Sunday, December 16, 2007

Question from Kim - Canes or walking sticks at court

What was the custom regarding the use of canes or walking sticks within Queen Elizabeth's court? In particular, would Francis Walsingham be permitted to use such an aparatus?

1 comment:

PhD Historian said...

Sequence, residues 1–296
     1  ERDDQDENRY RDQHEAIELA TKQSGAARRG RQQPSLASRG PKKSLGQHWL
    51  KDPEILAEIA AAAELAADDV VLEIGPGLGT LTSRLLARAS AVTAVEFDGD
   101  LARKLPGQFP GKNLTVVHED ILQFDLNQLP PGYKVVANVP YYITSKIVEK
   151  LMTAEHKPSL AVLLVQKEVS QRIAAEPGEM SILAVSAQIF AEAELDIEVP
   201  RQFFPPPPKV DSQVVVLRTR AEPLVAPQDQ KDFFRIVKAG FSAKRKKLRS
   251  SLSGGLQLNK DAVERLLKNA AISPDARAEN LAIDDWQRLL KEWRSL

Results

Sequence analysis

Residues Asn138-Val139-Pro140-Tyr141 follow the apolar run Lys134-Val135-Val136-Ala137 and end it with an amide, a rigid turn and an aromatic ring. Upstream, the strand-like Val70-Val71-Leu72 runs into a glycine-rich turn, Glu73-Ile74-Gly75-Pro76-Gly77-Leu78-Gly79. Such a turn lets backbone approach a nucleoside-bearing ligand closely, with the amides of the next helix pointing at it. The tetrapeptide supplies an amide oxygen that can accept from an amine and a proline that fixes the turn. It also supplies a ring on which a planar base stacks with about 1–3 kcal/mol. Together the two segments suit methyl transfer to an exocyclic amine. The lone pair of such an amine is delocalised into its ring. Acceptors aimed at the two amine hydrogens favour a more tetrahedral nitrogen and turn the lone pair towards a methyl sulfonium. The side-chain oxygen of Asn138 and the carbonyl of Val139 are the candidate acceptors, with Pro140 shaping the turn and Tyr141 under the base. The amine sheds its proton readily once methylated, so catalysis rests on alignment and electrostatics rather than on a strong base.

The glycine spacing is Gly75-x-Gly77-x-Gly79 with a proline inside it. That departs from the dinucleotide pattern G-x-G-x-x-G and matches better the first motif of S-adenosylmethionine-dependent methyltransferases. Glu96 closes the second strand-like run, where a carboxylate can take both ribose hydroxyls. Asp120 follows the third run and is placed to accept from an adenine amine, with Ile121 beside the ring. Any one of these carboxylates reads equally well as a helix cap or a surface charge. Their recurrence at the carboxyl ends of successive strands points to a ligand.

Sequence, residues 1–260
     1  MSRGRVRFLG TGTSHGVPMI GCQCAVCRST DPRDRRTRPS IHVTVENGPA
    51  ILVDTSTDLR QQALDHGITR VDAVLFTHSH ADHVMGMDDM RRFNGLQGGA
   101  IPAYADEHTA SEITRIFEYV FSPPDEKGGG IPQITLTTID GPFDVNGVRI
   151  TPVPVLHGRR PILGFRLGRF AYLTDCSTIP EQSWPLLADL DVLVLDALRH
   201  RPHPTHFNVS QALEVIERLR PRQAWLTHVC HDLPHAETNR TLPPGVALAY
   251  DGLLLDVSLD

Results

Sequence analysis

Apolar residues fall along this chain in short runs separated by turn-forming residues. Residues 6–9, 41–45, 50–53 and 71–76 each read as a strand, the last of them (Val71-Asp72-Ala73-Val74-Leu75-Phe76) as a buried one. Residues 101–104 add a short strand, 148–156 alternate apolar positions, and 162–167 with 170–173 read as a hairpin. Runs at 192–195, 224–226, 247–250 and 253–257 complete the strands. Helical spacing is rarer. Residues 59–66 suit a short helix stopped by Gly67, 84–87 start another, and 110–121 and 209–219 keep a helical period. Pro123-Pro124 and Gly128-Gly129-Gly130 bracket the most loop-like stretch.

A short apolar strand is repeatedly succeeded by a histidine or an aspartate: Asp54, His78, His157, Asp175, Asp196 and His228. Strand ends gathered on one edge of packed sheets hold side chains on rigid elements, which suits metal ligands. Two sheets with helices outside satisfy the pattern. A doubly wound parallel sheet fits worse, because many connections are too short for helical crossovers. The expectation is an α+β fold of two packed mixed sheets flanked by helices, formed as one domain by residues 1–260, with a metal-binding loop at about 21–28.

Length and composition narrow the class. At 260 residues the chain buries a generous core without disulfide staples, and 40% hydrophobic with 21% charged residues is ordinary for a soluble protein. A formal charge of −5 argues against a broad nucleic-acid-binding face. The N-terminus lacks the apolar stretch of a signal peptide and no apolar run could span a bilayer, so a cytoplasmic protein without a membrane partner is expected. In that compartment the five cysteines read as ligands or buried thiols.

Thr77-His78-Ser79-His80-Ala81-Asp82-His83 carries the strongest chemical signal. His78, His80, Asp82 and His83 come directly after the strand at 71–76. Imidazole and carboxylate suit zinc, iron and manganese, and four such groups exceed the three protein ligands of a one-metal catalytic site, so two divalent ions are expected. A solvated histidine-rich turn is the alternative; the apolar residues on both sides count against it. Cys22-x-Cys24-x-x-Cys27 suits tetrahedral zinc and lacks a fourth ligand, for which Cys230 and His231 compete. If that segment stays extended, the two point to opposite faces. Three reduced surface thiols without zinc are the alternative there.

Many officers of state at the Tudor courts were entitled to carry symbolic staffs of office. Most of these staff-symbols have since become obsolete and are no longer in use. (The notable exception being the Gentleman Usher of the Black Rod, secretary to the Lord Chamberlain and Serjeant-at-Arms for the House of Lords, known for walking backwards and carrying a long black staff before the Queen as she proceeds into the Lords' Chamber at each State Opening of Parliament.) Elizabeth Tudor's principal secretary, William Cecil, is commonly seen holding a long white staff in his period portraits. Cecil was Lord High Treasurer from 1572 to 1598 and Lord Privy Seal at the beginning and end of Elizabeth's reign. Walsingham, on the other hand, held the office of Lord Privy Seal between 1576 and 1590 and Chancellor of the Duchy of Lancaster between 1587 and 1590. Both of those offices entitled him to carry a staff of office. The staffs were not, however, "canes" in the modern since. Staffs of office were generally shoulder height, completely straight, and purely symbolic, while a modern cane is usually hip high, has a curved handle, and is used primarily as an aid in walking. I have never seen a sixteenth-century depiction or mention of a modern-style cane in use in the late sixteenth century, though I'm inclined to imagine that walking aids did exist and were used by the elderly or infirm. Whether or not they were "permitted" at court is an issue in need of further research.